Physics at Virginia

"Sigma Pi Sigma Research Symposium Presentations"

Olivia Mostow/Sam Crowe/Alex Rosenthal , University of Virginia
[Host: Jency Sundararajan]

Olivia Mostow:  The Core-Cusp Problem in Low-Mass Galaxies: Is One Burst Enough? (15 minutes)

We present a novel method for assessing the ability of a single burst of star formation to transform dark matter cusps into cores in low-mass galaxies. Following the approach of Rose et al. 2022, we manually add a contribution to the potential that accounts for a centrally concentrated baryon component within an otherwise dark matter only simulation. This approach allows us to maintain control over how and when these bursts occur. We demonstrate that this method can reproduce the established result of core formation for systems that undergo multiple episodes of bursty outflows. In contrast, we find that equivalent models that undergo only a single (or small number) of burst episodes do not form cores with the same efficacy. This is important because many low-mass galaxies in the local universe are observed to have tightly constrained star formation histories that are best described by a single, early burst of star formation. Using a suite of cosmological, zoom-in simulations, we identify the regimes in which single bursts can and cannot form a cored density profile, and therefore, can or cannot resolve the core-cusp problem.

Sam Crowe:  Unveiling Massive Star Formation: Near-Infrared Observations of Protostellar Jets (15 Minutes)

Massive stars are significant throughout the universe, as they impact their surroundings from the early stages of their formation until they die in the form of supernova. Observations in the near-infrared (NIR) of the bright and large-scale (~parsec) jets that young stars ubiquitously produce during their formation process can place important constraints on the phenomenon of massive star formation. Here, I present a detailed NIR view of two massive star-forming complexes at opposite ends of the sky, AFGL 5180 and Sagittarius C, utilizing extremely high-resolution imaging from the Large Binocular Telescope, Hubble Space Telescope, and James Webb Space Telescope. In AFGL 5180, the data reveal several multidirectional outflows indicative of highly clustered star formation, confirmed by the detection of over a dozen compact sub-millimeter sources using data from the Atacama Large Millimeter/Submillimeter Array (ALMA). By sampling the number density of young stellar objects in the vicinity of the central massive (~12 Msun) protostar, and comparing with recent numerical simulations, we present a novel method for directly distinguishing between theories of massive star formation in situ. Conversely, in Sagittarius C, located in the turbulent and chaotic center of our Milky Way, we find relatively ordered and isolated massive star formation, evidenced by collimated and undisturbed NIR jets. We report the discovery of a new star-forming region ~1 arcminute to the west of Sagittarius C, hosting two prominent bow shocks visible in the NIR imaging, and characterize the most luminous protostar in each neighboring complex via ancillary ALMA data and Spectral Energy Distribution fitting, shedding light on how the process of massive star formation is unfolding in this extreme region.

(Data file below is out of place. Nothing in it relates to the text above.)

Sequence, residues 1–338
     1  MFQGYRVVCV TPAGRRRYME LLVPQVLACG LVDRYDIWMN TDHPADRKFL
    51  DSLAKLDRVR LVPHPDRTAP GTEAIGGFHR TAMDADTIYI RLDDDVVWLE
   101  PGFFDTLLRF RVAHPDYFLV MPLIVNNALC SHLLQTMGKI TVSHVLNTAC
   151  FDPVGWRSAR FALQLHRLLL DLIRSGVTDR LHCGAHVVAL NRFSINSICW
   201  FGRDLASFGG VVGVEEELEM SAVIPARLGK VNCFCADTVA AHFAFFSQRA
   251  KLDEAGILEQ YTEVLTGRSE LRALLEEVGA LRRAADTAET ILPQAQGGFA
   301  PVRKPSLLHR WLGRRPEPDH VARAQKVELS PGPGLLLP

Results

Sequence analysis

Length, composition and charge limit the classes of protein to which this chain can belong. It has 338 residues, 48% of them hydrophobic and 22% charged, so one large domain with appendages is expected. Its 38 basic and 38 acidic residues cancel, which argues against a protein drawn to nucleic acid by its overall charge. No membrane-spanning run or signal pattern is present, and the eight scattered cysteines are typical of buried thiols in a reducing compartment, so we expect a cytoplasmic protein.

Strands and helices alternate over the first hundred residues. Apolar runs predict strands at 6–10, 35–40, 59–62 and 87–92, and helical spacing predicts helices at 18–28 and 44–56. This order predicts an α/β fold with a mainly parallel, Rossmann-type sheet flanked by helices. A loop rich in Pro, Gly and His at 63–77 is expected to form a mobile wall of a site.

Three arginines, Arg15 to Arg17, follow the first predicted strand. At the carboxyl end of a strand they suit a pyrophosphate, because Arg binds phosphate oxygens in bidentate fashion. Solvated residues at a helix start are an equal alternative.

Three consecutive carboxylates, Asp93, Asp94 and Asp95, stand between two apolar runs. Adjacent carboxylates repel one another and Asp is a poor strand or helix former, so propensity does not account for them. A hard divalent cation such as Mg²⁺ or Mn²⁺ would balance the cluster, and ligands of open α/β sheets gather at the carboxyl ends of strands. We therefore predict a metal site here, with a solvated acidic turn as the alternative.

Alex Rosenthal:  Mass-Loss Rates for Massive Stars from Stellar Bowshocks (15 Minutes)

Massive stars lose a significant portion of their mass through stellar winds over the course of their lifetime, and understanding the rate of mass-loss is critical for understanding stellar evolution and compact object genesis. Traditional methods of determining mass-loss rates rely on UV observations and parameterizing a “clumping” factor, which varies significantly and results in a two-order-of-magnitude difference between prediction and observation for stars with weak winds. We intend to address this “weak-wind problem” using a novel method to measure mass-loss rates of massive stars powering stellar bowshocks using optical spectroscopy of the central stars, far infrared measurements of the bowshock nebulae, and space velocities calculated from GAIA DR3 proper motions. This method utilizes the geometry of the bowshock and the principle of balancing the momentum flux between stellar winds and ambient interstellar material to make a mass-loss rate determination. We observed late-O and early-B type stars with bowshocks with the Apache Point Observatory 3.5m telescope with the KOSMOS long-slit spectrograph and the Wyoming Infrared Observatory’s 2.3m telescope with an optical spectrograph. We used the emcee package in Python and interpolated between models from the PoWR OB-I grid to fit their spectra to find temperatures and surface gravities. We found that our sample spanned a range of stellar parameters, with temperatures varying from 16,000-38,000 K and the log of surface gravity ranging from 2.8-4.1 dex. Using these parameters and photometric data, we calculated predicted mass-loss rates. This work is supported by the National Science Foundation under REU grant AST 1852289

Friday, February 9, 2024
3:30 PM
Clark Hall, Room 107
Note special room.

Zoom Link:  https://web.phys.virginia.edu/Private/Covid-19/colloquium.asp


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